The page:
[Hpn] Milwaukee, WI - 7,000 Public School students reported homeless - Milwaukee Journal Sentinel - November 21, 2003

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7,000 Public School students reported homeless

Their plight called 'mountain to climb'; collaboration urged
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By GEORGIA PABST - Milwaukee Journal Sentinel - November 21, 2003

Milwaukee, WI -   Increasing poverty and homelessness is "a
great mountain to climb" in removing barriers to academic
success for Milwaukee Public Schools students, the
district's superintendent said Friday as officials reported
that more than 7,000 MPS students are homeless.

Education

According to Superintendent William Andrekopoulos and other MPS
officials who attended a forum on student homelessness and
mobility:

>From 7,000 to 8,000 students now attending MPS are classified as
homeless.

About 10,000 students live in public housing.

More than
25,000 MPS students have no health insurance.

In addition,
Andrekopoulos said, some 80% of district's 100,000 students are
eligible for free or reduced lunch, which means they are poor.

Andrekopoulos said what's also needed is more public sensitivity
to the critical issue of poverty facing students.

"We need to increase sensitivity in the hearts and minds," he
said. "We must see the world through the eyes of children whose
only meal a day may be the one they have at school."

Other MPS officials who attended the meeting at the Social
Development Commission, 4041 N. Richards St., said they want to
form partnerships with government agencies to deal with the
growing poverty issues among students.

But Joe Volk, the chairman of the Emergency Shelter Task Force
and coordinator of the Continuum of Care Homeless Coalition, said
it's been hard over the years to get MPS to work with homeless
groups on this issue.

"We have had a very hard time energizing MPS around this," he
said at the forum, which included representatives of MPS, the
Social Development Commission, community agencies and a few
elected officials.

"We meet monthly," said Volk of the Emergency Shelter Task Force.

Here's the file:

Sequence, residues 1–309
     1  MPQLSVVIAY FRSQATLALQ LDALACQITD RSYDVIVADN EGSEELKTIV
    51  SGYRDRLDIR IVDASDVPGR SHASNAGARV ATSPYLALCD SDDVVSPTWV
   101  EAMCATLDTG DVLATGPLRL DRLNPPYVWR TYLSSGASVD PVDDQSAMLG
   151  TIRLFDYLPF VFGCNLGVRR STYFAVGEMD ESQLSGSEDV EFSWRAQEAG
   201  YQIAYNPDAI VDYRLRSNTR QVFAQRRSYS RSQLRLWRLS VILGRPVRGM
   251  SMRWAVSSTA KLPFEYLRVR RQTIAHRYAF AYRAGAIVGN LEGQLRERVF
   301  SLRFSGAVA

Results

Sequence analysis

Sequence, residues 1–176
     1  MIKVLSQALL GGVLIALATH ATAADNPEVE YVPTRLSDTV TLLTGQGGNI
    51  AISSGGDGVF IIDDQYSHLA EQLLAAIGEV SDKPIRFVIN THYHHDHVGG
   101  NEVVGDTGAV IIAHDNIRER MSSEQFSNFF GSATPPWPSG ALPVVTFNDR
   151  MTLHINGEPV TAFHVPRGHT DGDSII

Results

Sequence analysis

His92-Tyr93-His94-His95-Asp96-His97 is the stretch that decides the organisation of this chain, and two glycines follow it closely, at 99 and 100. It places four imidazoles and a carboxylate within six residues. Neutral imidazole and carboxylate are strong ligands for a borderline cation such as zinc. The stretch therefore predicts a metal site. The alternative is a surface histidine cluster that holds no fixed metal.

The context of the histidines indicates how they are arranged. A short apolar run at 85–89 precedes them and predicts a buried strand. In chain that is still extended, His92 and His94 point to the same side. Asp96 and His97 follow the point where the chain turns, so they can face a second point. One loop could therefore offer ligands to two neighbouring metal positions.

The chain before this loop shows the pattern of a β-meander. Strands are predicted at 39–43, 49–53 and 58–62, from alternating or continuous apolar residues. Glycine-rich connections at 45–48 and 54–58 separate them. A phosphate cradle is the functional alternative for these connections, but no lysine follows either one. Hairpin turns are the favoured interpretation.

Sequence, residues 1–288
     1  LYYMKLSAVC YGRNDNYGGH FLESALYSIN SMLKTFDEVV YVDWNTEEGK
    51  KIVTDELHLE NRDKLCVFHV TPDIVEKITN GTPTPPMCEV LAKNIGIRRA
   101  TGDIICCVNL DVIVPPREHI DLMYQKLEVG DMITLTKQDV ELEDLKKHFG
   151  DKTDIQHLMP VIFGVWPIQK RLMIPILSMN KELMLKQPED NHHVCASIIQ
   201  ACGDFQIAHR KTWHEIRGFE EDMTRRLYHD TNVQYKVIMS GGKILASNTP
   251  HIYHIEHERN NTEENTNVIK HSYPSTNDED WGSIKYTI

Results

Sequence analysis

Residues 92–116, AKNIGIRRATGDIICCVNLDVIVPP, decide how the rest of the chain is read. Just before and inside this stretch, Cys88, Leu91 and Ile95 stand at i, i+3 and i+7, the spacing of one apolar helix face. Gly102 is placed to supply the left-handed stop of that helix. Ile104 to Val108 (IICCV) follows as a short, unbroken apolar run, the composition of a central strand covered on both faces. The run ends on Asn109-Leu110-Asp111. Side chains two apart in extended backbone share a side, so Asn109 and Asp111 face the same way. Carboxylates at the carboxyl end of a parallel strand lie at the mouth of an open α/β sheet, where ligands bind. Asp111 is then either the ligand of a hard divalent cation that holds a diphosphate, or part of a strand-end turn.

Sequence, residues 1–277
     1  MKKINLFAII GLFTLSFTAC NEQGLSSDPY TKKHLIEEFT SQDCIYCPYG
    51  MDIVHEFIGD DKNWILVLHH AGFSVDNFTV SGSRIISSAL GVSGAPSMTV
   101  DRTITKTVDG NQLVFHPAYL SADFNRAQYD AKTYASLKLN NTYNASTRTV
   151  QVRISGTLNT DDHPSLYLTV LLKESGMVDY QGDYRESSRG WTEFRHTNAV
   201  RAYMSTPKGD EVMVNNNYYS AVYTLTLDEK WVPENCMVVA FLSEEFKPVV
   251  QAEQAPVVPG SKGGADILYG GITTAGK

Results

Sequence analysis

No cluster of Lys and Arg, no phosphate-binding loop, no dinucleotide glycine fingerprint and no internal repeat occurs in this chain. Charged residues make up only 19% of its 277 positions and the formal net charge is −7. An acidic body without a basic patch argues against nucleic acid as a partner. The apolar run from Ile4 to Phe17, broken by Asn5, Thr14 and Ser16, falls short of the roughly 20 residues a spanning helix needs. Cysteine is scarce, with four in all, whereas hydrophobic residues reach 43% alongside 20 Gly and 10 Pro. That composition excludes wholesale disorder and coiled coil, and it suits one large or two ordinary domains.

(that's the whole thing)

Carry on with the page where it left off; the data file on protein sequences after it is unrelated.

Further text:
In addition, he said, "The Continuum of Care works with many
private non-profit groups, but MPS rarely shows up.

"We encourage MPS to come to our meetings and get involved."

Volk said MPS is always sent meeting notices but rarely
responds.

Father Tom Mueller, chairman of the education committee of the
Milwaukee Innercity Congregations Allied for Hope (MICAH), said
that he believes the new MPS administration led by Andrekopoulos
is trying to grapple with the issue.

"The previous administration was in strong denial about this," he
said. "I heard the superintendent (then Spence Korte) say he was
not concerned with social issues and that the district needed to
focus on teaching reading and writing. This administration is
trying to come to grips with this."

Ada Rivera, the head of pupil services for MPS, said she recently
set up a meeting with homeless groups and thanked Volk for being
so vocal. "We want to work with you. Forget the past. Every day
there are new homeless children," she said.

Rivera said after the meeting that the district has to deal with
more than children who are in homeless shelters. The federal
definition of homeless children is any child or youth who lacks a
fixed, regular and adequate nighttime residence. This now
includes children and youths sharing housing; living in hotels,
motels, trailer homes or campgrounds; or awaiting foster care.

Deborah Blanks, director of the SDC, said fighting homelessness
and poverty requires collaboration.

Elizabeth Burgess Erven and Dan Kramer of the Racine School
District explained a collaborative program they have started that
includes working with the Racine Housing Authority and Workforce
Development centers.

MPS officials at Friday's meeting said they wanted to start
similar collaboration.

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